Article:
A Proposal for a Gentle Introduction Resource

ITP student (James) Anderson Evans (MALS) reflects on his independent study project

 

Visit the Gentle Introduction Resource

Visit the Gentle Introduction Resource

I: Introduction

Addressing the Need for Technical Pedagogy in the Digital Humanities

Purpose

The purpose of this paper is to address the need for digitally malleable forms of pedagogy, the technical and mechanical forms of scholarship practiced in the Digital Humanities as they might be addressed through “Gentle Introductions[1].”  As Digital Humanities becomes a more recognized area of interest within higher education, approaches to its more challenging technical aspects need to be addressed.  This paper will describe the concept of an ideal resource (referred to herein as the Gentle Introduction Resource or simply GIR), critique current resources that demonstrate the need for such a resource,  and describe initial implementation of the GIR’s infrastructure.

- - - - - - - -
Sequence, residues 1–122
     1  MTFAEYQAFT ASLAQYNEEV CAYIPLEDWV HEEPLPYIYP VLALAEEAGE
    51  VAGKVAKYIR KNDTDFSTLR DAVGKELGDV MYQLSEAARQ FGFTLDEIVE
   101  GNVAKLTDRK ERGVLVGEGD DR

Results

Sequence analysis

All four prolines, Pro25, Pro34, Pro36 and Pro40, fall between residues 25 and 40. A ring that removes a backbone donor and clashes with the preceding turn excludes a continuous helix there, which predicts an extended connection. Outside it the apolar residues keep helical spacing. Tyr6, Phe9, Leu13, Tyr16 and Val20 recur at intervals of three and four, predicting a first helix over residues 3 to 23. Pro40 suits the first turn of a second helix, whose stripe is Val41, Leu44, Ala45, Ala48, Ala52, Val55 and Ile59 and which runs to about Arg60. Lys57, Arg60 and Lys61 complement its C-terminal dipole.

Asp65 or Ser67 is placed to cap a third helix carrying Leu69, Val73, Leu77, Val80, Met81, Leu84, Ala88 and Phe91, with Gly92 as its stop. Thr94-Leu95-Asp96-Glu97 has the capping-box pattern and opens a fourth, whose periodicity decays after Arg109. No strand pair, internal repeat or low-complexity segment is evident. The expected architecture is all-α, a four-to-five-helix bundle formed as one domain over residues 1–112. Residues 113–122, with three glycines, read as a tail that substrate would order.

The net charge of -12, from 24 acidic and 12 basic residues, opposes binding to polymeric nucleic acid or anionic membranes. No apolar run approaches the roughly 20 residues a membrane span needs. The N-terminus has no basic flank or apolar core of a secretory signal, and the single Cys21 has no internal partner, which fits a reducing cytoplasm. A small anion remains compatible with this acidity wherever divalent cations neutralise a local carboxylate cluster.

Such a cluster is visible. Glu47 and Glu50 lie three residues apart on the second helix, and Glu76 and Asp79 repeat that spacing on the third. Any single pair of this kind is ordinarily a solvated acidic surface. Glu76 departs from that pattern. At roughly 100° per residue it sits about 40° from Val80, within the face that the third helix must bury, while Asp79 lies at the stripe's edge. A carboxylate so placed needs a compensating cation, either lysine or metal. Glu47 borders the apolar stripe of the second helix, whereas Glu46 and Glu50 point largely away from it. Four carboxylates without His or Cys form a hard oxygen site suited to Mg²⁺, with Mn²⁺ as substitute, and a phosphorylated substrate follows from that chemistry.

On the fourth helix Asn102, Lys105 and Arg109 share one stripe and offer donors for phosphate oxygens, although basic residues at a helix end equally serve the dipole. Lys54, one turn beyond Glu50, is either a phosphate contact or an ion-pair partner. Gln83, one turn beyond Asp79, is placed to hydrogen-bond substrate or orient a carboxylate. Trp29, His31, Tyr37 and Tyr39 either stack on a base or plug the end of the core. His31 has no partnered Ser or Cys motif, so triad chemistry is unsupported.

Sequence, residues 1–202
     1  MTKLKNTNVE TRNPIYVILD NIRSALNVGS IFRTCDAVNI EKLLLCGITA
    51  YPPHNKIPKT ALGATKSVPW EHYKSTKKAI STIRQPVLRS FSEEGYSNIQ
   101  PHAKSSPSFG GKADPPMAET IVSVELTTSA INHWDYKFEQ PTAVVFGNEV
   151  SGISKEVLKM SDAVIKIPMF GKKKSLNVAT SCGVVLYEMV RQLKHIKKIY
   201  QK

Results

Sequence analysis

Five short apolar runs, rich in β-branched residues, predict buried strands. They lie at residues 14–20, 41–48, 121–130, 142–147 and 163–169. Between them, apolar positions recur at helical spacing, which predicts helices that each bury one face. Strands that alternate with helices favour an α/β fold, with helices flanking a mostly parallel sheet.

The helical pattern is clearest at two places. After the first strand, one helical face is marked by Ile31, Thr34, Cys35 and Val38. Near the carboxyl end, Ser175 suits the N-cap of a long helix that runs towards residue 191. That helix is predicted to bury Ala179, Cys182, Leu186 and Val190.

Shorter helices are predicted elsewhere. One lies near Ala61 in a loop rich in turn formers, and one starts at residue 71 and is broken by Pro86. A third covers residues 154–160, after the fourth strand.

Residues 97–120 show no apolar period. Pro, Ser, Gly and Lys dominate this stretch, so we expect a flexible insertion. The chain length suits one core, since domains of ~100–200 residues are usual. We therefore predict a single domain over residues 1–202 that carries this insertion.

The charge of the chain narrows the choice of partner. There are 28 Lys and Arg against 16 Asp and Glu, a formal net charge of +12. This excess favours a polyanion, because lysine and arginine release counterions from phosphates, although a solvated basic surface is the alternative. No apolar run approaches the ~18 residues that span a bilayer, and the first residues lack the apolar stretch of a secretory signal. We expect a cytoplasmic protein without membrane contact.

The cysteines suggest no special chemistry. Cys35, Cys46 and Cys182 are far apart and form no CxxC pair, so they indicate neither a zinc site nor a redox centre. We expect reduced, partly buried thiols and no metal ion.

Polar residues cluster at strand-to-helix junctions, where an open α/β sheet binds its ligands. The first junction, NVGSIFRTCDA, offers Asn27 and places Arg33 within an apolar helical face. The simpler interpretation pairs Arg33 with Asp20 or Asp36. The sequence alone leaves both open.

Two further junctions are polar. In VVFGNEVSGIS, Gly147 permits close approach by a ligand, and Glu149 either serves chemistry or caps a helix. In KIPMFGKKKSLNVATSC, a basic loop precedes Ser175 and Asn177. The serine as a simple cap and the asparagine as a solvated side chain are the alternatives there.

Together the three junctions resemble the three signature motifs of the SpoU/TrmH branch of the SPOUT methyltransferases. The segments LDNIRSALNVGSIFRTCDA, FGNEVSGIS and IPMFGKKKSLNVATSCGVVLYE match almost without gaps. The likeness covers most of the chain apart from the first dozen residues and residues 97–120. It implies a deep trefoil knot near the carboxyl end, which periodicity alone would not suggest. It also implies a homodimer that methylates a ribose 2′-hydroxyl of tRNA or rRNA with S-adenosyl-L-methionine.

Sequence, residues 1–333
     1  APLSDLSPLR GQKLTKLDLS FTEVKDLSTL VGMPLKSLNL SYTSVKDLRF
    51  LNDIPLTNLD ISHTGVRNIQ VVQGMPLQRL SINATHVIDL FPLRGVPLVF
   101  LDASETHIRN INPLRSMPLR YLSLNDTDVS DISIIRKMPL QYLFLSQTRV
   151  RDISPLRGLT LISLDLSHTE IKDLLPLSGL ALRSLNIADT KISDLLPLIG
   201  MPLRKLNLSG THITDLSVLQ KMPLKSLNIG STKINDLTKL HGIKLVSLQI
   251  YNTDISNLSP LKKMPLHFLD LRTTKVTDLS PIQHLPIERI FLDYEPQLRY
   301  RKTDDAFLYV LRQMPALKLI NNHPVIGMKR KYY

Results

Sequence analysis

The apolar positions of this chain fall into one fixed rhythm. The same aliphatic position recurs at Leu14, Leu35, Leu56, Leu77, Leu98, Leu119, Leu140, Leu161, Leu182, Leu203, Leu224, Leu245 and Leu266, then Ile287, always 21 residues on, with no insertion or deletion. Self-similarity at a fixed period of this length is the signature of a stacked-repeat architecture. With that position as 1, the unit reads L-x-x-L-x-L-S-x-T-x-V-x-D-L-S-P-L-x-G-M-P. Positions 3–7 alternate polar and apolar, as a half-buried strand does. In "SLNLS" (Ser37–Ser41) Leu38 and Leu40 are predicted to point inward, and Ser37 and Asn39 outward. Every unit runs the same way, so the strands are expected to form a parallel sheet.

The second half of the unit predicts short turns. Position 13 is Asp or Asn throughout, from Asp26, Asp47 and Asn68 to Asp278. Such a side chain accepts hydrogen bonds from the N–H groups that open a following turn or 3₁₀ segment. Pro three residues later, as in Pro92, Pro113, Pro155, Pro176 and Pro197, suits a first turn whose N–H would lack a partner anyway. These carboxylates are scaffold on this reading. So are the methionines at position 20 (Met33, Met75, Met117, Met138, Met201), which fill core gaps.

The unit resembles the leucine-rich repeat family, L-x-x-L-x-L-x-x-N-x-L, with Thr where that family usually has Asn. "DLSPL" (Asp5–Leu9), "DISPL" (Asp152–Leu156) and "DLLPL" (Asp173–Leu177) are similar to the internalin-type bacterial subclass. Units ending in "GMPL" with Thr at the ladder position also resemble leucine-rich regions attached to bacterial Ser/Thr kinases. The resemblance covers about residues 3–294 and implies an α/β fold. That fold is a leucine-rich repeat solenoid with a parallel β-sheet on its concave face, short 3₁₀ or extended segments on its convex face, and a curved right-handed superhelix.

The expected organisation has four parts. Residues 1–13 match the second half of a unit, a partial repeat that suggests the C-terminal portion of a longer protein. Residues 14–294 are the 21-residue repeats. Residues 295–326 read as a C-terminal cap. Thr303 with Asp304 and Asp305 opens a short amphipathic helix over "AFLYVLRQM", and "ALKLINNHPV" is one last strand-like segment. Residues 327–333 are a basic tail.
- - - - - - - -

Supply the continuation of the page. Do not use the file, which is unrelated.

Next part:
What is a Gentle Introduction?

Gentle Introductions vary by author, but they typically provide clear, introductory information on specific technical, scientific, or computational concepts that can be engaging even to an audience that has no prior knowledge of the subject under discussion.  This does not mean they do not provide a roadmap toward experimentation, but they can be key in reaching a place of initiation and understanding as to what specific strengths and weaknesses a complicated method or technique might involve.

Why do we need a Gentle Introduction Resource?

Presently most gentle introductions must be sought out specifically.  For instance, to find a gentle introduction to XSLT transformations one must use specific search queries like “XSLT gentle introductions,” in a search engine.  The foresight to engage this search suggests that one has already moved beyond gentle introductions to be aware of a niche acronym such as XSLT.

 

II: The Gentle Introduction Resource (GIR)